Increases in public health spending were associated most significantly with reductions in deaths for four of the six mortality rates, with the strongest effects for infant mortality and cardiovascular disease mortality.

After accounting for differences in demographic and socioeconomic characteristics, medical resources and other factors, communities that made the largest investments in public health spending experienced the most significant reductions in mortality from leading preventable causes of death.

"Although a definitive causal link between spending and mortality cannot be drawn, the study does provide compelling evidence that communities must pay attention to more than local medical resources and interventions, but also to the resources invested in local public health activities to truly make a difference in the health of their people," Mays said.

Public health spending varies widely around the country. For example, per capita state public health spending ranged from a low of less than $4 in Nevada to a high of more than $171 in Hawaii. Local public health spending varied even more significantly ranging from less than $1 per capita to more than $200 per capita, with the median spent around $36 per person.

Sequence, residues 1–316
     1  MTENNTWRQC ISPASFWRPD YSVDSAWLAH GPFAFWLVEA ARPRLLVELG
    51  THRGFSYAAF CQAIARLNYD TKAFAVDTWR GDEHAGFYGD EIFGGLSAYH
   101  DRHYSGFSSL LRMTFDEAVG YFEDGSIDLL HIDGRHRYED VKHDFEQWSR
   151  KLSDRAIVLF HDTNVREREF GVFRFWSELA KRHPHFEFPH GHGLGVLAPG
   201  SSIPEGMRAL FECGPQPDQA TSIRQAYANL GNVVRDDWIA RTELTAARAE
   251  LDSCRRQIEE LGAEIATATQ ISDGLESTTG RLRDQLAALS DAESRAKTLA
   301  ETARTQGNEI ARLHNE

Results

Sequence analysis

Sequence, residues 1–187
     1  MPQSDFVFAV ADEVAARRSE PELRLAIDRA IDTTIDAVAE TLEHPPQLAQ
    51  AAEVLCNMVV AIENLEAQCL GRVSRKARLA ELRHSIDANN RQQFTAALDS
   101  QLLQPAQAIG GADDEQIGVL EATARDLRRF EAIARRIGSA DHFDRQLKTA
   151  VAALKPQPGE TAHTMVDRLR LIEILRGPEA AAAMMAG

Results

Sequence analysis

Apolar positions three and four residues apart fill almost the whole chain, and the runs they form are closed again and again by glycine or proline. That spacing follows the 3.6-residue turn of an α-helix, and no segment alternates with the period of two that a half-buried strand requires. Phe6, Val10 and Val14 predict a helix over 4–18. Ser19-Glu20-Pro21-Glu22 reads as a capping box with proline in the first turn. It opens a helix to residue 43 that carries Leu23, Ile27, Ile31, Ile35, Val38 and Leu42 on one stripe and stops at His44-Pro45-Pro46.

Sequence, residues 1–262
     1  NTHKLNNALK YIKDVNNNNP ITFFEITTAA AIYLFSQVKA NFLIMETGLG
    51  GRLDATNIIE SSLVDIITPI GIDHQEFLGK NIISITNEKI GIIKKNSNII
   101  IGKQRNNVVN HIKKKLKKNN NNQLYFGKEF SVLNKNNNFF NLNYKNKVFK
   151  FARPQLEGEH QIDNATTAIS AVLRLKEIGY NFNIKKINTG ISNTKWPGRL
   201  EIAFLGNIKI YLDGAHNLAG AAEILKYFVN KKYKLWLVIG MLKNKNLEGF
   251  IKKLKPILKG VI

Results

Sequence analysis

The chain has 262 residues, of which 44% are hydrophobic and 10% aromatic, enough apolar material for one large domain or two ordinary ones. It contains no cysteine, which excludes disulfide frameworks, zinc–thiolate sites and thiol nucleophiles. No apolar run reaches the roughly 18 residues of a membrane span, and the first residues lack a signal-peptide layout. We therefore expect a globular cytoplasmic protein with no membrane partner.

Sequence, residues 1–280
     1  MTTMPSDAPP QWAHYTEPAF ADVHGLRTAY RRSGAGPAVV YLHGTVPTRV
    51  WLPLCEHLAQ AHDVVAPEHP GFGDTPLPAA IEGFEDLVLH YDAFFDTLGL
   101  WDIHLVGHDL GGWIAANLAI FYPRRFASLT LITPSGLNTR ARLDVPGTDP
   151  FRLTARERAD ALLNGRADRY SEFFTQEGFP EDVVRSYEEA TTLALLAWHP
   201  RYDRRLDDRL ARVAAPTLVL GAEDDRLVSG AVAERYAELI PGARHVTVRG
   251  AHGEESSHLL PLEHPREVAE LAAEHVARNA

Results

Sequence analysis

The study provides a foundation for further research, particularly in light of the ACA investment of a projected $15 billion in new spending over 10 years in federal public health spending and the continued reductions in state and local government spending for public health, Mays said.


'/>"/>

Contact: Ann Blackford
ann.blackford@uky.edu
859-323-6442
University of Kentucky
Source:Eurekalert

Related medicine news :

1. Todays Teens Less Likely to Be Heavy Smokers, Study Finds
2. UC Riverside entomologist to study diseases transmitted by ticks
3. Americans Use of Antidepressants On the Rise: Study
4. Health Plans Much Costlier for Docs in U.S. Than Canada: Study
5. Obesity Counseling Should Stress Brain, Not Willpower: Study
6. New study calls into question reliance on animal models in cardiovascular research
7. Study: Inexpensive method detects ALK rearrangement in lung cancer patients
8. Americans No Longer Outliving Europeans: Study
9. Pilot study suggests new approach to treat preeclampsia
10. Neighborhood status influences older womens cognitive function, study finds
11. Kids Still See Unhealthy-Food Ads on TV, Study Finds